As for a moment that encapsulated the effort put in by City’s captain, and how much it meant to him, just check his run for the 4th goal. Then check his reaction after the ball hit the back of the net. Look at his face, just look at his face!

Was this better than the 6-1 at Old Trafford? A strange assertion, but it was a more dominant performance, against 11 men throughout, and remember City scored three late on at THE THEATRE OF DREAMS as United’s heads went, but to destroy your rivals like that away from home does give the 1-6 the slightest of edges for me.

Across the divide, it was not surprising that Wayne Rooney was United’s best player, the only player to cause City problems. Still, as usual it seems that the usual rules do not apply to Mr Rooney, the only surprise being his eventual booking. Or maybe I’m being prejudiced. Either way, his goal though made him the top derby scorer of all time, and he continues to turn up against City, unlike some of his colleagues.

Ryan Giggs it seems engaged in a half-time “tirade” at the fourth official, no doubt exasperated at not being on the pitch, thus missing the chance to spend 90 minutes surrounding the referee and trying to get opposition players dismissed – so you can understand his frustration on this occasion. The only thing more woeful was David Moyes once more bemoaning the random fixture list.

Rooney took up the mantle of referee-baiter, especially after a pathetic attempt by United to win a penalty. I imagine Howard Webb said to him, “sorry Wayne, even I can’t do anything about this”.

Still, United fans can look on the bright side. Alex Ferguson lost one of his first derbies 5-1 – therefore Moyes > Ferguson.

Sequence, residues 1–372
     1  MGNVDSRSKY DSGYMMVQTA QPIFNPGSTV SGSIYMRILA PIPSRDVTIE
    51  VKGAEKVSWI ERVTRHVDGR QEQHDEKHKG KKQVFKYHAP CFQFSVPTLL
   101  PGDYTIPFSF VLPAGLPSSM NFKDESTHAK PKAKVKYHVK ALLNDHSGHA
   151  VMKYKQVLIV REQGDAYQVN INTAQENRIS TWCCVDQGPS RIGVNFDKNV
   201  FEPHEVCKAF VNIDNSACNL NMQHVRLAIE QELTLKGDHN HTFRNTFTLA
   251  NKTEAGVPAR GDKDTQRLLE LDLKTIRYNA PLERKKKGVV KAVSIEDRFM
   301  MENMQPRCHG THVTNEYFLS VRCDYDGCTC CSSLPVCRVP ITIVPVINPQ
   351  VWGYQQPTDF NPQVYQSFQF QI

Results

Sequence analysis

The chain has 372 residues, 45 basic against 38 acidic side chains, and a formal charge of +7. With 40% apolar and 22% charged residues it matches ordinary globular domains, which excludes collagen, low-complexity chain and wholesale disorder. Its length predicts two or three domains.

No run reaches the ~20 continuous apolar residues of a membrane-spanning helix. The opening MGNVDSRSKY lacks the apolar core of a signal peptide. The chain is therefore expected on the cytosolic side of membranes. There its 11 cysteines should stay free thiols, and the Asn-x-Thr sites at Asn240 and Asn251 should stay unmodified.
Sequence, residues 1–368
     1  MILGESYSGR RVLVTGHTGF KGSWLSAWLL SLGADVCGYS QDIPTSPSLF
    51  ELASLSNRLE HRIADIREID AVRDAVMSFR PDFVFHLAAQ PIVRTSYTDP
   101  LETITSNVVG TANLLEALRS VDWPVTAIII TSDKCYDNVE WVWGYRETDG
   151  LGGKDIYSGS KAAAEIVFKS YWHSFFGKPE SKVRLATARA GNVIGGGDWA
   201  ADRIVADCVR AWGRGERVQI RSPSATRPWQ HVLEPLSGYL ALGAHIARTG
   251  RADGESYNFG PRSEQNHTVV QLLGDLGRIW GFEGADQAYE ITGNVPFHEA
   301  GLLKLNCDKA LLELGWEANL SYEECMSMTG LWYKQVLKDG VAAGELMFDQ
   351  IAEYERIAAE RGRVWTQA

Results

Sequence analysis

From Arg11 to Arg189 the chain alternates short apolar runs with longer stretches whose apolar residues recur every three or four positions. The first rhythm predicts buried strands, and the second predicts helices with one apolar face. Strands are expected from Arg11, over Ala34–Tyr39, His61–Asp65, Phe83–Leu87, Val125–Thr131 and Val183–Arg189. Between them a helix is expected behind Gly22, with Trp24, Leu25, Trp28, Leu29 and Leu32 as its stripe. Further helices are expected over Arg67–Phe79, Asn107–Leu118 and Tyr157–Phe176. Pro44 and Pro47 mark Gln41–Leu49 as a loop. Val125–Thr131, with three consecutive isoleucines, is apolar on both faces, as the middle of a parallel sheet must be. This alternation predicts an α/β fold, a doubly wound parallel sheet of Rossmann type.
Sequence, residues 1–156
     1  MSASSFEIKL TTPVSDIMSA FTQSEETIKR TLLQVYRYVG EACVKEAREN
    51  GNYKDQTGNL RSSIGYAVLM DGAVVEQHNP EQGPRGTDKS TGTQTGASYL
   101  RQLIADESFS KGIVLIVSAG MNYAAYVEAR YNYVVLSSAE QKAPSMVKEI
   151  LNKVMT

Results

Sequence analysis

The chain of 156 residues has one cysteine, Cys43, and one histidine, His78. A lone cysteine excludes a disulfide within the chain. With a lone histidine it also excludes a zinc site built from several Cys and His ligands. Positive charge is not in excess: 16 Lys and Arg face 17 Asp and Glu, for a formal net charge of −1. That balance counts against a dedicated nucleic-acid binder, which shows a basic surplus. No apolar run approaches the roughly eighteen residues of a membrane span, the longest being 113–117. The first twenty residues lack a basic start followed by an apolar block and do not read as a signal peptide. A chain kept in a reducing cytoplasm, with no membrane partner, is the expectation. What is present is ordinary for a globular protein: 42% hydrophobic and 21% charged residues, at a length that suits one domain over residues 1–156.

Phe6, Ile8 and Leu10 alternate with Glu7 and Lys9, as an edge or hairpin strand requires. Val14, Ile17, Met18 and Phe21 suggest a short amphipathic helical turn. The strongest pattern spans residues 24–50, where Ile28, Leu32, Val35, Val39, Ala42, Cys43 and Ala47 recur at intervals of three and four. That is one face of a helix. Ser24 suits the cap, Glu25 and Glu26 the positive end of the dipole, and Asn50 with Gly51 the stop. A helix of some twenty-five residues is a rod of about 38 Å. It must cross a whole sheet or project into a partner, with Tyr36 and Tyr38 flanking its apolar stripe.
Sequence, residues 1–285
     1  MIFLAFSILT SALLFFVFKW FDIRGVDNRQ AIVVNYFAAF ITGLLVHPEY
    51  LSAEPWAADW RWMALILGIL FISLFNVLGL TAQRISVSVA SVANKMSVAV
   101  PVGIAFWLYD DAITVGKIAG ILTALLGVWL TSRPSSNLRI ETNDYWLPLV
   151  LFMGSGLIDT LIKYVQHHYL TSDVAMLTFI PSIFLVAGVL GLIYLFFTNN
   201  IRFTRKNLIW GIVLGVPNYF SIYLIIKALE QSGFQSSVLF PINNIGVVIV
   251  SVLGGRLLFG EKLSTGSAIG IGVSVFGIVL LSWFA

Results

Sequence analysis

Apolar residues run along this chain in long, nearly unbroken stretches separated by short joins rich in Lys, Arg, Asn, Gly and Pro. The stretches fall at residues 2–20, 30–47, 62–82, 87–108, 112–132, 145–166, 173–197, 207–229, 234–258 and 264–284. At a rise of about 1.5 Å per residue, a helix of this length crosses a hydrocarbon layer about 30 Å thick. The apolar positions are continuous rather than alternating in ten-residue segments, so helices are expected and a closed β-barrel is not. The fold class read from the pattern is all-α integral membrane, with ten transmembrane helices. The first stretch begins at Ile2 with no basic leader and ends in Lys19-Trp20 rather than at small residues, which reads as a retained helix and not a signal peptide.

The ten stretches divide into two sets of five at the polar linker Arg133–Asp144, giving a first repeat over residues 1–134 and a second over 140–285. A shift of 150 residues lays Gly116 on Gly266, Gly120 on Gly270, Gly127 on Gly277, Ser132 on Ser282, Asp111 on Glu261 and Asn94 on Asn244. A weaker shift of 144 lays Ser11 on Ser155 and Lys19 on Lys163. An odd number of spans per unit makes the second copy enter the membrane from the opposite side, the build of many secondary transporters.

Things have changed though since the knight of the realm retired. United didn’t even bother with their rotational fouling on key City players anymore. Hell, even notoriously-shy family man Paul Scholes wasn’t wheeled out in derby week to remind everyone how much bigger United are. When Wayne Rooney eventually broke ranks to inform us that Liverpool was still United’s biggest match, it was met with a collective shrug of shoulders. They can do better than that, surely? Still, some consolation for Rooney and team-mates – you only lost your biggest match 1-0, not 4-1.

There must be something to criticise City for though? Well you could write an article that clutches at straws so tightly they turn to dust, claiming that at least your fans were the noisiest (, but the award must go elsewhere on this occasion.
Step forward Neil Ashton. A quite pathetic piece in the Daily Mail bemoaned City’s foreign outfield 10 in the derby and what bad news it was for the England team. “Could be the day football died,” tweeted Ashton, no doubt with a straight face.
It’s a quite idiotic assertion that one team selection has somehow affected the future of the England team, when you consider that Milner and Lescott have had match-time this season, and that Richards wasn’t match fit. It’s also very convenient to omit City’s goalkeeper from his argument. Nothing changed because of the team played yesterday, and we all know there is a good reason for playing foreign players – they are usually better than their English counterparts. But if Ashton had bothered to even do a quick Google search he’d be reminded of the academy plans, and its intention to bring through English talent, as is already being shown by the crop of 13 and 14-year-olds enjoying national success. It’s not news anyway, as it has happened before (away from City), but then most articles on the Daily Mail website aren’t news, so I guess it’s par for the course.
Apropos of nothing, Ashton claimed United’s selection of six Englishmen was part of their core values, which probably helps explain why they got their arses spanked.

God I love derby day…..